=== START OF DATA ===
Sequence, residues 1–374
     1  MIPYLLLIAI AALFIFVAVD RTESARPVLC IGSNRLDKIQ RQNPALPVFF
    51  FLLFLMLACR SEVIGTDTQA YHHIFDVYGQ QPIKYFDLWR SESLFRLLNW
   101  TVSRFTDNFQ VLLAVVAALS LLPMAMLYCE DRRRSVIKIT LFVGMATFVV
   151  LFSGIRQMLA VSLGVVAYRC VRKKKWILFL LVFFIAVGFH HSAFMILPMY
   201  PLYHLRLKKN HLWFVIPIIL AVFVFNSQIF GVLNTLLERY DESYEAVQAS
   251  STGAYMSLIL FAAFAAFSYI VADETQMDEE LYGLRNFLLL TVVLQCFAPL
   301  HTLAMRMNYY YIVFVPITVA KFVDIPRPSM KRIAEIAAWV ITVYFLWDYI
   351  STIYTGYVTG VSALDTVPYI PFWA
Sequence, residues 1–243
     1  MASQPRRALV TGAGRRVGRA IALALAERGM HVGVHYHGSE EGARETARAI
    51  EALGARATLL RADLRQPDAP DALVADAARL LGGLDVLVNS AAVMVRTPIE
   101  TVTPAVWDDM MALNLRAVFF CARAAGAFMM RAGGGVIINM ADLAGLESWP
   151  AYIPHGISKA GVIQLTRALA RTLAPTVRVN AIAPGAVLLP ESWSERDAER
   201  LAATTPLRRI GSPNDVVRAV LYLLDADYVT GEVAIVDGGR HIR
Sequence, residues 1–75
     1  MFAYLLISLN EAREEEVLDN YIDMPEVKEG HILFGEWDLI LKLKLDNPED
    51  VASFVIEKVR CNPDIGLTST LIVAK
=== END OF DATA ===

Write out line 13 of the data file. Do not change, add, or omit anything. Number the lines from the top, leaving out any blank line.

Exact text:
   101  TVTPAVWDDM MALNLRAVFF CARAAGAFMM RAGGGVIINM ADLAGLESWP